Alexandria, VA – For Yaseen Kadura, a U.S. citizen of Libyan descent, placement on the no-fly list caused problems far beyond the airport.
He was handcuffed and interrogated for hours when he tried to cross borders by land. He struggled to pick a medical school, unsure where he could travel. And when he tried to use Western Union, the transfers never went through. Even after he was removed from no-fly list, many of the problems persisted.
On Tuesday, a Muslim civil rights group filed a class-action lawsuit in federal court in Alexandria on behalf of Kadura and thousands of other Americans who have been placed on the terror watch list. The suit seeks unspecified monetary compensation.
Among the plaintiffs is a 4-year-old California boy, listed as Baby John Doe, who according to the lawsuit was placed on the list of known or suspected terrorists as a 7-month-old boy.
The FBI didn’t immediately respond to an email seeking comment.
The no-fly list has been the subject of numerous lawsuits, which have been successful to varying degrees.
The litigation has forced the government to make modest changes in its administration of the list — those who challenge their placement on the list are now informed of their status and given general information about the reason. Prior to that, the government wouldn’t confirm whether an individual is on the list.
The lawsuits have dragged on for years, the no-fly list itself remains intact and the broader terrorist watch list continues to expand.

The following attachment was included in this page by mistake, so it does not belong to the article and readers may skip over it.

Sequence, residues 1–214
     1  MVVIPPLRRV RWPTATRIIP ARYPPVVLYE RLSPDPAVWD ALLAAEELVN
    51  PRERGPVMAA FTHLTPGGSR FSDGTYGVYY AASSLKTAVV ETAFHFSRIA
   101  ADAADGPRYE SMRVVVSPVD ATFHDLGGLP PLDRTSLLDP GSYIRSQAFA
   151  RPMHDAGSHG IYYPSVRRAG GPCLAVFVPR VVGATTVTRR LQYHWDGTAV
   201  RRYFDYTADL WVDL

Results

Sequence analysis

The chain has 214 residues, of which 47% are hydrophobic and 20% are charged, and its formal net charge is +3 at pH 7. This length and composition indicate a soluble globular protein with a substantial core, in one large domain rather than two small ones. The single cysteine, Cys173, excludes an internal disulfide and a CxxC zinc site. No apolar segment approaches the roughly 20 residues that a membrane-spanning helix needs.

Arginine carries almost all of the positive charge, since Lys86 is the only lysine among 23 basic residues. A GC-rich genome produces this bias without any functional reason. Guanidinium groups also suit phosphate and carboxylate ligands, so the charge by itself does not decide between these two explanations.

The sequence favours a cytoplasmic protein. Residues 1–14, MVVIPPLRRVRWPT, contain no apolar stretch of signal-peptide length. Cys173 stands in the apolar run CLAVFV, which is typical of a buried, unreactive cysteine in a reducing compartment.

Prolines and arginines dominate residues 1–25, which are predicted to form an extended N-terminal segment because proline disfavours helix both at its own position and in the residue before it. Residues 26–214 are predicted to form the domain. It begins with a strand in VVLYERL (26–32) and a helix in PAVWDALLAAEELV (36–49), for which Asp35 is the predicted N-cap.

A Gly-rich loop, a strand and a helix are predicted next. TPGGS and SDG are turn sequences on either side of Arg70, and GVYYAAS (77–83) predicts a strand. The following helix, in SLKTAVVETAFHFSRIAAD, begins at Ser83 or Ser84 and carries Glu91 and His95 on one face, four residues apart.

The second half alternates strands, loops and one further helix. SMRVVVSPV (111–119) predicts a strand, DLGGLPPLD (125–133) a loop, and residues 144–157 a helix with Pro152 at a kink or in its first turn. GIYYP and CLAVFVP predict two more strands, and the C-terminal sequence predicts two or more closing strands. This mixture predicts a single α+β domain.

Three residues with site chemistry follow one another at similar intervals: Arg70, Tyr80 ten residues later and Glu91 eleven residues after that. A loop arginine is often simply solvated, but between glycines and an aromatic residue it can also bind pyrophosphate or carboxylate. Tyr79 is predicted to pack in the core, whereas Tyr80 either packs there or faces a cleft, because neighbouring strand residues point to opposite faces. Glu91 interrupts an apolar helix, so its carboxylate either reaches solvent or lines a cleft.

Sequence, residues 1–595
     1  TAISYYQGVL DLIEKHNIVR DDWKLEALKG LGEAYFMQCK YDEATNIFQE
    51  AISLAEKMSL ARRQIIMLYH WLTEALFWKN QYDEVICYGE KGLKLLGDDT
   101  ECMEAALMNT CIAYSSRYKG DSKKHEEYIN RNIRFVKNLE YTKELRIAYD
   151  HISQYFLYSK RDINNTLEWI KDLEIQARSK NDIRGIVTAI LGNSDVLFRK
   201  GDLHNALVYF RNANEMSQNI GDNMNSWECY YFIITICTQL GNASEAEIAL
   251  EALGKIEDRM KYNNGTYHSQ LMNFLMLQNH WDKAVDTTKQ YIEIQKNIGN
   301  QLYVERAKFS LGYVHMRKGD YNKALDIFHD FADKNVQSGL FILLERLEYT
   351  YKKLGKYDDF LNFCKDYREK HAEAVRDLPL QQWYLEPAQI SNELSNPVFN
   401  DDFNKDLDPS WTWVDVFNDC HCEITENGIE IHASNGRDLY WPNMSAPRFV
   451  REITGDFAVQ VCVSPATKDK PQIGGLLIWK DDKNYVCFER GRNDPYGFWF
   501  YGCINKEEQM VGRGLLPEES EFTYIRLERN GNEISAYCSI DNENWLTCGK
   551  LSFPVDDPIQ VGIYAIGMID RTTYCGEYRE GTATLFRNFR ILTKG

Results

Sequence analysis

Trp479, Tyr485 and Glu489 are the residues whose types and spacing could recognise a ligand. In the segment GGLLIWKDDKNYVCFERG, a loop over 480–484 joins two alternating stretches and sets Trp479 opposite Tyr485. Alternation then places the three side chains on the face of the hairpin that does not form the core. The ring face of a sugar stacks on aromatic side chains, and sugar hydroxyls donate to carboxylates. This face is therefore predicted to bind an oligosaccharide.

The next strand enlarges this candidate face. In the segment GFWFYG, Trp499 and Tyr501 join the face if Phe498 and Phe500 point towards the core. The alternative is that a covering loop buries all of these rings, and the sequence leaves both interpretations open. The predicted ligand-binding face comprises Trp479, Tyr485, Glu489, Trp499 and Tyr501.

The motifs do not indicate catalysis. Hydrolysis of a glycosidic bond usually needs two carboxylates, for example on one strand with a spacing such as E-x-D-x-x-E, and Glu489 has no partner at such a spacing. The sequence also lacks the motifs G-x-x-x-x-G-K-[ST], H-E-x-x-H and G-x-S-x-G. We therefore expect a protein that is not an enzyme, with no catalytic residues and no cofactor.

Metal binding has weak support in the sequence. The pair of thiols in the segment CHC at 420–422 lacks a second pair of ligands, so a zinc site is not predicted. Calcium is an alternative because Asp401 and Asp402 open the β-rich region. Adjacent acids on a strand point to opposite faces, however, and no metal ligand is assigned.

The class-action suit provides several advantages, according to Gadeir Abbas, one of the lawyers who filed it. It allows those who were wrongly placed on the list to receive compensation.
It eliminates procedural difficulties that would occur when a plaintiff would challenge the list and the government would subsequently allow that individual to fly to avoid a potentially adverse ruling from a sympathetic judge. And it allows the suit to focus on some of the side effects of the watch list that are sometimes overlooked.
Kadura seems to have been placed on the watch list after traveling in 2011 to Libya, where he was working and helping journalists who were flocking to the country to cover civil unrest there.
Shortly after returning, his travel troubles began. In September 2012, he was handcuffed with guns at pointed him and detained at a border crossing after a brief trip to Canada.
He said at one point, an Immigration and Customs Enforcement agent pressured him to become an informant.
“He said, ‘We know you’re not a bad guy. We want you to work with us,’” Kadura said. He told the agent he wanted a lawyer. The agent said that “if you stick with your lawyer it’s going to be difficult for you.”
Kadura appealed his placement on the no-fly list, and last year the government responded that it “reevaluated Mr. Kadura’s redress inquiry and is now providing a new determination. … At this time the U.S. government knows of no reason Mr. Kadura should be unable to fly.”
Still, Kadura experienced problems. In January, he tried to fly domestically, but it took hours on the phone with government officials and questioning from airport agents before he was allowed to board.
And he still can’t use Western Union, according to the lawsuit.
Other plaintiffs have had citizenship applications placed on hold, been detained at the border and had their phones tapped, according to the lawsuit.
“The government has engaged in a decade-long delusion that being placed on a watch list is not a big deal,” the attorney Abbas said. “The goal is for the watch-listing to affect every aspect of these people’s lives.”
The lawsuit alleges that placement on the watch list is motivated by religious profiling rather than any real security threat.
Many of the plaintiffs named in the lawsuit are residents of Dearborn, Michigan, which has a large Arab population and has been subjected to aggressive watch-listing tactics by federal agents, said Lena Masri, a CAIR attorney.
More than 1 million people are on the list of “known or suspected terrorists” administered by the FBI’s Terrorist Screening Center, though most are not U.S. citizens.